In a statement released on 6 August, BAE said it had been instructed by its employer, the Ministry of Defence & Aviation (MoDA), to revert to the original contracts, which had an unspecified term and paid salaries by direct transfer to bank accounts. It said that benefits and salary levels will remain unaffected.
BAE staff in July filed a number of suits against the company, arguing that it had infringed labour laws by compelling its staff to change their contracts from unspecified to fixed term. They argued that this breached clauses of the law preventing a decrease in benefits and salaries, and clauses prohibiting discrimination against national employees. BAE has consistently asserted that its request to change the contracts, originally made last autumn, came at the behest of MoDA.
However, the case throws up challenges inherent within the kingdom’s labour laws. Lawyers familiar with these laws say they are frequently cited as a disincentive to employing Saudis, because of the inability to terminate contracts without paying disproportionately high damages. It is illegal to sack employees on the basis of company downsizing.
‘I believe this is a big step backwards,’ says a Riyadh lawyer. ‘There are serious unemployment and productivity issues that are the result of structural problems in the workforce stemming from an inability to terminate Saudis’ contracts. I think the government has succumbed to press pressure and ultimately it is the government that will pay for this.’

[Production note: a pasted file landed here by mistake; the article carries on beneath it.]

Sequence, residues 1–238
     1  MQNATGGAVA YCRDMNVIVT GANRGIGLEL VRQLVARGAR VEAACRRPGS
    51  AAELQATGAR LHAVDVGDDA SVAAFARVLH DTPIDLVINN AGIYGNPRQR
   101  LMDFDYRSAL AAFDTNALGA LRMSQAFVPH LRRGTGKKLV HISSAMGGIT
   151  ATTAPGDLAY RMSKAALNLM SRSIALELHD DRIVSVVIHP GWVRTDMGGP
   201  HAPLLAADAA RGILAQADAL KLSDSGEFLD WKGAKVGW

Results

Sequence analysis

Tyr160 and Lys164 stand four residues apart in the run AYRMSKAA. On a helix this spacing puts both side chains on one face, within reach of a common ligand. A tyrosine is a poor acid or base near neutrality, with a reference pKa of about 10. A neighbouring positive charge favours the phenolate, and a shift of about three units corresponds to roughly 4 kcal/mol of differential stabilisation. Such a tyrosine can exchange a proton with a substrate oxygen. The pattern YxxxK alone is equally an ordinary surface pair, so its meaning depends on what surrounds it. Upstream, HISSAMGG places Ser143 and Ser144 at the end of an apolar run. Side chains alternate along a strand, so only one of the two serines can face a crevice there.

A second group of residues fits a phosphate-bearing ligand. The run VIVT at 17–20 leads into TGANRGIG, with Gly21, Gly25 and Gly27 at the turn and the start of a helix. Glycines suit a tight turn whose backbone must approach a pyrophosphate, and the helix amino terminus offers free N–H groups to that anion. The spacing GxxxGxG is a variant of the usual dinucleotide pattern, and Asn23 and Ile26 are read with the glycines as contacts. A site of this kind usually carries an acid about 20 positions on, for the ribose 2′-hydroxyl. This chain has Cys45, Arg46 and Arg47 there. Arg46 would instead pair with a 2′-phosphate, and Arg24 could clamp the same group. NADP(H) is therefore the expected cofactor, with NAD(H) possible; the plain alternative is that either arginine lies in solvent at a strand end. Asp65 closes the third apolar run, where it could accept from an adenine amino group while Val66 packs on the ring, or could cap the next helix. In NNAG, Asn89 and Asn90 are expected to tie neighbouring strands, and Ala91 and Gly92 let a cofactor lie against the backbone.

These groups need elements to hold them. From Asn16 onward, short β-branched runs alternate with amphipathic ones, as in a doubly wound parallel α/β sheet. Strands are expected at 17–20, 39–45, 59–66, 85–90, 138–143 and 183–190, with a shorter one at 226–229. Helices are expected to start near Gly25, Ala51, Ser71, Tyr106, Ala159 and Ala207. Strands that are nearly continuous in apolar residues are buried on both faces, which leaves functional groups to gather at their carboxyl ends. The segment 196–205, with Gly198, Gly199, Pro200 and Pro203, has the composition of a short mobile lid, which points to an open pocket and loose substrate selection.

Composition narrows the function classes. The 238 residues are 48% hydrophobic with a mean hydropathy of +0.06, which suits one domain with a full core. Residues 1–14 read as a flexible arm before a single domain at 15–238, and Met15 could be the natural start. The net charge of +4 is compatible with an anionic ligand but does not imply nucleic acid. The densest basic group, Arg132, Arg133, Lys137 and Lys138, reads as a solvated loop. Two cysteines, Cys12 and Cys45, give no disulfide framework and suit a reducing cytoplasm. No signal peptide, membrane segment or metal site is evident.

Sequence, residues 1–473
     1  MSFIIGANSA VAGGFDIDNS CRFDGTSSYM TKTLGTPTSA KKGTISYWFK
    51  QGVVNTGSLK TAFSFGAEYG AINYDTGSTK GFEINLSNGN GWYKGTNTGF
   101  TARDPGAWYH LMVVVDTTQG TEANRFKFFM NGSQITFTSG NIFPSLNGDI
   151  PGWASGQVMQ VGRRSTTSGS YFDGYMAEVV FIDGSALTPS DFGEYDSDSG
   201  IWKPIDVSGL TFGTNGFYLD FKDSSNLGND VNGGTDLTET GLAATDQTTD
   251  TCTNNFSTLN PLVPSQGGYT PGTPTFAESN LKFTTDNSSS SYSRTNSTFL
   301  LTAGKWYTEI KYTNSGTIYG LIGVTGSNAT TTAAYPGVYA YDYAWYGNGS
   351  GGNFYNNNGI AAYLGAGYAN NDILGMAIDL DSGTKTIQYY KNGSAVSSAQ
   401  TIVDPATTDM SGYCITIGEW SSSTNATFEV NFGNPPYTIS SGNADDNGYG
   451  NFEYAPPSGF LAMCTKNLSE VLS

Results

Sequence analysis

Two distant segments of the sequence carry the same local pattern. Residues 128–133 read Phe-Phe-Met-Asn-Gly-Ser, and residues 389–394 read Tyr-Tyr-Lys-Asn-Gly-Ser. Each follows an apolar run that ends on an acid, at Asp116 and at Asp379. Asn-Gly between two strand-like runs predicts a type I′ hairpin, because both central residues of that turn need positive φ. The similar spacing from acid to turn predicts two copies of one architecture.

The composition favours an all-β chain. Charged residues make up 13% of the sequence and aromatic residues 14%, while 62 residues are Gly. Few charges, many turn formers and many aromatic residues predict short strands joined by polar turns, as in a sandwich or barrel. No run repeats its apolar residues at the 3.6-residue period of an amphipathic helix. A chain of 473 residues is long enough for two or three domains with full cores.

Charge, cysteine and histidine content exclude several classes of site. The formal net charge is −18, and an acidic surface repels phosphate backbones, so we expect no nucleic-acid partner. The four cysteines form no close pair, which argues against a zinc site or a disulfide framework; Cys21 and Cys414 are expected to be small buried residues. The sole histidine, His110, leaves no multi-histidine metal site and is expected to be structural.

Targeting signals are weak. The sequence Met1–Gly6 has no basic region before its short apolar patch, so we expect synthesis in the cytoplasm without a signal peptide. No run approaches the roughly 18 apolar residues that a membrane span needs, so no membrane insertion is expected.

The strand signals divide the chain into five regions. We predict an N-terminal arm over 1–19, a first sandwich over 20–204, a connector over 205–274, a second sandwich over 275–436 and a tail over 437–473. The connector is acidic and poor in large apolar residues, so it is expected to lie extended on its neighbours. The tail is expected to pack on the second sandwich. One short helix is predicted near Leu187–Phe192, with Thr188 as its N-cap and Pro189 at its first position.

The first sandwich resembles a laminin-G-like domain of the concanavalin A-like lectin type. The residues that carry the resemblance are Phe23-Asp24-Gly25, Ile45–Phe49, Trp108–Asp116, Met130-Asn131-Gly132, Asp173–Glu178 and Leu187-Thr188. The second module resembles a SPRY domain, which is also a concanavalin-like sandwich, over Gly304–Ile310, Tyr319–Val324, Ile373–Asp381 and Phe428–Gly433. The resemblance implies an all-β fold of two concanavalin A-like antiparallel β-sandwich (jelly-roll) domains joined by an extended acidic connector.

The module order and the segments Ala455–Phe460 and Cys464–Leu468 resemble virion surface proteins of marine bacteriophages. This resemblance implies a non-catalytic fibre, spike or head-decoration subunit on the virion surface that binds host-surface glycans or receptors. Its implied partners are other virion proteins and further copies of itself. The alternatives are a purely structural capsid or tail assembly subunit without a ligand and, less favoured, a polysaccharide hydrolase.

BAE employs about 1,800 Saudis and 2,300 expatriates and pursues a strong Saudisation programme. In 1994 the company employed only 800 Saudis and more than 4,000 expatriates. There are now 200 Saudis undergoing technical training by BAE, while another 60 have already graduated. The company says that since 1973 it has trained more than 1,700 RSAF aircrew and 1,600 groundstaff.
The lawyer says another by-product of the case is that the Labour Committee, headed by Interior Minister Prince Nayef, now appears willing to pursue class action cases. In the past, it has insisted that each employee engaged in a common suit against an employer file separate cases that are dealt with independently, albeit with reference to each other.